News from Afghanistan

“the one thing you don’t do, is engage in a land war in Afghanistan? All right, because everyone who has tried, over a thousand years of history, has failed. And there are reasons for that.”
Michael Steele RNC Chair

Below, from my archives. published 8 years ago in the Spectator

And if you should fall on Afghanistan’s plains,
And the women come out to hack up what remains,
Just roll to your rifle and blow out your brains,
And go to your Gawd like a soldier.
Kipling
Now that we’ve bounced the rubble, the Afghan winter is setting in and Old Glory is now available proudly emblazoned on door mats, what’s next?
What ever “it” turns out to be, don’t look for the sort of instant gratification that America is fueled upon.
If we’re fixin’ bust a move, some background might be in order.
Americans are squaring off against a hardened warrior society that endures one of the harshest climates on earth, temperatures between -20 to 110 f., from burnt dust to high-altitude snow and mud — conditions that, in the words of Richard Kidd, West Point, 86, “would kill most Americans and enervate the resolve of all but the most elite American units.” The Soviets saw results quite like two earlier British attempts (although the Reds were, of course, much better armed).
Things went swimmingly for the Spetsnaz units that led the Soviet 40th Army across the frontier on Christmas Day, 1979. The Red Army stormed the Presidential Palace, killed president Amin, seized the Salang tunnel, government communications and supplies and installed the puppet government. But before the first echos flattened out, ragged groups of men armed with the most rudimentary weapons, like fire ants, began to engage the Soviets in a war they were unprepared to fight, spontaneously attacking and sabotaging Soviet personnel, installations, depots and transport. According to a U.S. Army Foreign Military Studies Office paper by General (Ret) Mohammed Yahya Nawroz, Army of Afghanistan and LTC (Ret) Lester W. Grau, U.S. Army, two months afterwards, “almost the entire population of Kabul climbed on their rooftops and chanted with one voice “God is Great.” This open defiance — was matched throughout the countryside.” See, these dudes dig Jihad like we do titties and beer.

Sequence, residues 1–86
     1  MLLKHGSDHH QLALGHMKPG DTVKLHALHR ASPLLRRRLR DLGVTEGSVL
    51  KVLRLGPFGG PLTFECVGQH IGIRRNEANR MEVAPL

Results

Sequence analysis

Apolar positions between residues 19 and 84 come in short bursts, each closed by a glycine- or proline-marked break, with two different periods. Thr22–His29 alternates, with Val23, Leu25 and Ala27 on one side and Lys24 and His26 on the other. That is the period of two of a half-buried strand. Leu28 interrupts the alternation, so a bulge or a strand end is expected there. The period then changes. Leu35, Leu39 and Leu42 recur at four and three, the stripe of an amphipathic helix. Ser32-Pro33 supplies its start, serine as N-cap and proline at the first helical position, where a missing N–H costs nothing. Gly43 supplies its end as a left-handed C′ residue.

The Grau paper goes on to describe your basic superpower assault by fixed wing aircraft, helicopters, artillery, rocket launchers and tanks. The Soviets were certain that this degree pf firepower would break the Mujahedeen. Close combat was not a part of Soviet planner’s projections.
Boy, did they get it wrong. As long as the Reds hid in their mobile bunkers, there was nothing to shoot at. Eventually they had to dismount and engage — and then things got ugly. See, Afghans don’t generally traffic in infidel prisoners — slit throats and beheadings are the rule.
Retired Afghan General Matin-ud-Deen: “They (the Afghans) are very well equipped, very well armed, but only for the fighting that goes on in Afghanistan. They are, of course, no match for the US.” But, he adds… “It will be very difficult and I see a very long and drawn out battle — and very many casualites.” All to capture a handful of non-Afghan evil dewers, the primary one of which, as Secretary of Defense Rumsfeld has said, we may not catch. Guess Rummy knows. Look at what a fabulous job ATF and FBI did with Eric Rudolph.
Another factor that hasn’t gotten much ink in the pre-ground chit-chat are the epidemiological realities of the region, described in another Army paper. By minty-fresh US sanitation standards, Afghanistan is a stinky place, home to a variety of tenacious pathogens including Shigella, Thyphus, Viral Hepatitus, Malaria, blah, blah blah. The Soviet experience was disease ravaging 415,932 troops of a total force of 620,000, far outstripping actual combat injuries and death (53,753).
If I know all this, obviously then so do the Joint Chiefs of Staff. So it seems they are trying something different. To avoid the results of what the dispiritiing, grinding conditions Afghanistan offers invading forces, the Pentagon is deploying special operations teams, getting ’em in and out before they loose their spunk or get sick.
Problem is, there are only just so many snake eaters in the US military — against a whole nation of pure bred warriors. So we are going to employ unreliable proxys (Northern Alliance) to whup up on the Taliban (’cause we can’t get the actual perps) install them as a shaky government and claim we won like we did in Iraq. And then? I guess high on the long-range plan for Bush bunch will be an to provide indefinite security for the new gang of thugs — and that planned groovy new pipeline from the oil reserves of the old Soviet Union across Afghanistan.
Meanwhile, The National Oceanic and Atmospheric Administration, before all this happened, sent up a red flag that due to worst drought in thirty years, 8 to 12 million Afghans are in “moderate” danger of starvation and 4 million are in “severe” danger. So while January may be icky for the US, to a great many others in Afghanistan, winter will just be the end — making “nation building” a somewhat simpler prospect.

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